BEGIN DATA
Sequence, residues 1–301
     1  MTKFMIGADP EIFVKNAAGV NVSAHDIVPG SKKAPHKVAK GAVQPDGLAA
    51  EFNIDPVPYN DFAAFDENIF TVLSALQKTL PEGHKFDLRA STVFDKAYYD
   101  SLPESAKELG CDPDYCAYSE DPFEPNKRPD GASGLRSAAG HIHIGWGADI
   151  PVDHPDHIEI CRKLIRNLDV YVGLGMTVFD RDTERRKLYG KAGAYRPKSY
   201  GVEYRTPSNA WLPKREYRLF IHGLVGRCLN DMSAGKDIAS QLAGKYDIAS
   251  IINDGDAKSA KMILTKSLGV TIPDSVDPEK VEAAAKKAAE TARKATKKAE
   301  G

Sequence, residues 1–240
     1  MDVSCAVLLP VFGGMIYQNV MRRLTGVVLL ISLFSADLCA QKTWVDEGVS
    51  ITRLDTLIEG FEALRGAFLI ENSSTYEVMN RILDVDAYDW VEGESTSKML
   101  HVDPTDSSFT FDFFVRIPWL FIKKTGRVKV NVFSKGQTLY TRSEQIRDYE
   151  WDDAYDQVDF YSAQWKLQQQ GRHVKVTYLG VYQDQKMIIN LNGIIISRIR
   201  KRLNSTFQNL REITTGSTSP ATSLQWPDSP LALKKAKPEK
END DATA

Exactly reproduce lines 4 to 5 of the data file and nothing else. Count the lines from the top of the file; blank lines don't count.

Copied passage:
   101  SLPESAKELG CDPDYCAYSE DPFEPNKRPD GASGLRSAAG HIHIGWGADI
   151  PVDHPDHIEI CRKLIRNLDV YVGLGMTVFD RDTERRKLYG KAGAYRPKSY